The Repub­li­can case for rat­i­fy­ing New Start

The Pak Banker - - Editorial5 - Henry A. Kissinger

Repub­li­can pres­i­dents have long led the cru­cial fight to pro­tect the United States against nu­clear dangers. That is why Pres­i­dents Richard Nixon, Ron­ald Rea­gan and Ge­orge H.W. Bush ne­go­ti­ated the SALT I, START I and START II agree­ments. It is why Pres­i­dent Ge­orge W. Bush ne­go­ti­ated the Moscow Treaty. All four rec­og­nized that re­duc­ing the num­ber of nu­clear arms in an open, ver­i­fi­able man­ner would re­duce the risk of nu­clear catas­tro­phe and in­crease the sta­bil­ity of Amer­ica's re­la­tion­ship with the Soviet Union and, later, the Rus­sian Fed­er­a­tion. The world is safer to­day be­cause of the decades-long ef­fort to re­duce its sup­ply of nu­clear weapons.

As a re­sult, we urge the Se­nate to rat­ify the New START treaty signed by Pres­i­dent Obama and Rus­sian Pres­i­dent Dmitry Medvedev. It is a mod­est and ap­pro­pri­ate con­tin­u­a­tion of the START I treaty that ex­pired al­most a year ago. It re­duces the num­ber of nu­clear weapons that each side de­ploys while en­abling the United States to main­tain a strong nu­clear de­ter­rent and pre­serv­ing the flex­i­bil­ity to de­ploy those forces as we see fit. Along with our obli­ga­tion to pro­tect the home­land, the United States has re­spon­si­bil­i­ties to al­lies around the world. The com­man­der of our nu­clear forces has tes­ti­fied that the 1,550 war­heads al­lowed un­der this treaty are suf­fi­cient for all our mis­sions - and seven for­mer nu­clear com­man­ders agree. The de­fense sec­re­tary, the chair­man of the Joint Chiefs of Staff and the head of the Mis­sile De­fense Agency - all orig­i­nally ap­pointed by a Repub­li­can pres­i­dent - ar­gue that New START is es­sen­tial for our na­tional de­fense.

We do not make a rec­om­men­da­tion about the ex­act tim­ing of a Se­nate rat­i­fi­ca­tion vote. That is a mat­ter for the ad­min­is­tra­tion and Se­nate lead­ers. The most im­por­tant thing is to have bi­par­ti­san sup­port for the treaty, as pre­vi­ous nu­clear arms treaties did. Al­though each of us had ini­tial ques­tions about New START, ad­min­is­tra­tion of­fi­cials have pro­vided rea­son­able an­swers. We be­lieve there are com­pelling rea­sons Repub­li­cans should sup­port rat­i­fi­ca­tion.

First, the agree­ment em­pha­sizes ver­i­fi­ca­tion, pro­vid­ing a valu­able win­dow into Rus­sia's nu­clear arse­nal. Since the orig­i­nal START ex­pired last De­cem­ber, Rus­sia has not been re­quired to pro­vide no­ti­fi­ca­tions about changes in its strate­gic nu­clear arse­nal, and the United States has been un­able to con­duct on-site in­spec­tions. Each day, Amer­ica's un­der­stand­ing of Rus­sia's arse­nal has been de­graded, and re­sources have been di­verted from na­tional se­cu­rity tasks to try to fill the gaps. Our mil­i­tary plan­ners in­creas­ingly lack the best pos­si­ble in­sight into Rus­sia's ac­tiv­ity with its strate­gic nu­clear arse­nal, mak­ing it more dif­fi­cult to carry out their nu­clear de­ter­rent mis­sion.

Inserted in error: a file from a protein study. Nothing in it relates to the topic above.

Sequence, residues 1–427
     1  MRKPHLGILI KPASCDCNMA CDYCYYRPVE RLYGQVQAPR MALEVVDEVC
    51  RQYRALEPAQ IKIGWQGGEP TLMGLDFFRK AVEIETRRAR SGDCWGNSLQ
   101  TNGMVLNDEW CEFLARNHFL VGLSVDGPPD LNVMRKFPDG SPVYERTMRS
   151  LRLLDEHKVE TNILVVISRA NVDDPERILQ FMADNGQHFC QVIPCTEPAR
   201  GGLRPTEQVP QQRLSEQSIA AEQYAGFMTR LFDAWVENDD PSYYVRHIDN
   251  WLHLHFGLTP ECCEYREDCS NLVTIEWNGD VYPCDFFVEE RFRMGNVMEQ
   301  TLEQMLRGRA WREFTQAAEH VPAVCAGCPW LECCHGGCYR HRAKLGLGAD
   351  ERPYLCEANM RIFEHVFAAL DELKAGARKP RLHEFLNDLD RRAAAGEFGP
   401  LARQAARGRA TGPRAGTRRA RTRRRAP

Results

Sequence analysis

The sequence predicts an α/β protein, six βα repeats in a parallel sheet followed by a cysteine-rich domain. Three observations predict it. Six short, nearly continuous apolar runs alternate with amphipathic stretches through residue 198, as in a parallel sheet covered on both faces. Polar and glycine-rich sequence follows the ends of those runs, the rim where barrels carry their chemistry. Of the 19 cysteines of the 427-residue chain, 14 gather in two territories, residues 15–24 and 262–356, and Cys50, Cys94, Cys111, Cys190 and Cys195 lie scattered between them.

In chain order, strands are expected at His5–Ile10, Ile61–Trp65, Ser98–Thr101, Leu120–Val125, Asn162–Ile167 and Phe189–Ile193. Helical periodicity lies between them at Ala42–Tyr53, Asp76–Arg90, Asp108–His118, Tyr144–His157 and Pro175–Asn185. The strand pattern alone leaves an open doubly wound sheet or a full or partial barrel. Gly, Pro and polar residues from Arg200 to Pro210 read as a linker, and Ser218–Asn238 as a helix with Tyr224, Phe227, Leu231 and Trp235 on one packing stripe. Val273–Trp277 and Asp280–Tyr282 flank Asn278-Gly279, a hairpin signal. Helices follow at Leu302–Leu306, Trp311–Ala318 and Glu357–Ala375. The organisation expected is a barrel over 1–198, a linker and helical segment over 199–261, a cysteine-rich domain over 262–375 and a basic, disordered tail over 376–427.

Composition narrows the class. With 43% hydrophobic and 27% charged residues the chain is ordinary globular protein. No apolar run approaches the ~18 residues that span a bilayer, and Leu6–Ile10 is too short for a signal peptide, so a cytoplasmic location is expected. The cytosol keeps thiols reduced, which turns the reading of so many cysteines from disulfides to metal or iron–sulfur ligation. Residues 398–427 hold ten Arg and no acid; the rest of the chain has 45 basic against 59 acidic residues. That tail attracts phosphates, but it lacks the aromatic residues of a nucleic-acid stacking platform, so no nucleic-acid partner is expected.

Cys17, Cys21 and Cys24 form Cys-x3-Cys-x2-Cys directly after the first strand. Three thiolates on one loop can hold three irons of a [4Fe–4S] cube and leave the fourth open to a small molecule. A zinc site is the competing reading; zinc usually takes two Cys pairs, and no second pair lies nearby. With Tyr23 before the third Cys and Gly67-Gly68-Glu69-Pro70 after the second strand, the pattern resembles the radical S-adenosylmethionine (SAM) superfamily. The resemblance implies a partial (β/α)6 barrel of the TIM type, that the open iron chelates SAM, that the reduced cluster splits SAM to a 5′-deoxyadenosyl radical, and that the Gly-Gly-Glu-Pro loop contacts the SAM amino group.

Sec­ond, New START pre­serves our abil­ity to de­ploy ef­fec­tive mis­sile de­fenses. The tes­ti­monies of our mil­i­tary com­man­ders and civil­ian lead­ers make clear that the treaty does not limit U.S. mis­sile de­fense plans. Al­though the treaty pro­hibits the con­ver­sion of ex­ist­ing launch­ers for in­ter­con­ti­nen­tal and sub­ma­rine-based bal­lis­tic mis­siles, our mil­i­tary lead­ers say they do not want to do that be­cause it is more ex­pen­sive and less ef­fec­tive than build­ing new ones for de­fense pur­poses. Fi­nally, the Obama ad­min­is­tra­tion has agreed to pro­vide for mod­ern­iza­tion of the in­fra­struc­ture es­sen­tial to main­tain­ing our nu­clear arse­nal. Fund­ing these ef­forts has be­come part of the ne­go­ti­a­tions in the rat­i­fi­ca­tion process. The ad­min­is­tra­tion has put forth a 10-year plan to spend $84 bil­lion on the En­ergy Depart­ment's nu­clear weapons com­plex. Much of the credit for get­ting the ad­min­is­tra­tion to add $14 bil­lion to the orig­i­nally pro­posed $70 bil­lion for mod­ern­iza­tion goes to Sen. Jon Kyl, the Ari­zona Repub­li­can who has been vig­i­lant in this ef­fort. Im­ple­ment­ing this mod­ern­iza­tion pro­gram in a timely fashion would be im­por­tant in en­sur­ing that our nu­clear arse­nal is main­tained ap­pro­pri­ately over the next decade and be­yond.

Al­though the United States needs a strong and re­li­able nu­clear force, the chief nu­clear dan­ger to­day comes not from Rus­sia but from rogue states such as Iran and North Korea and the po­ten­tial for nu­clear ma­te­rial to fall into the hands of ter­ror­ists.

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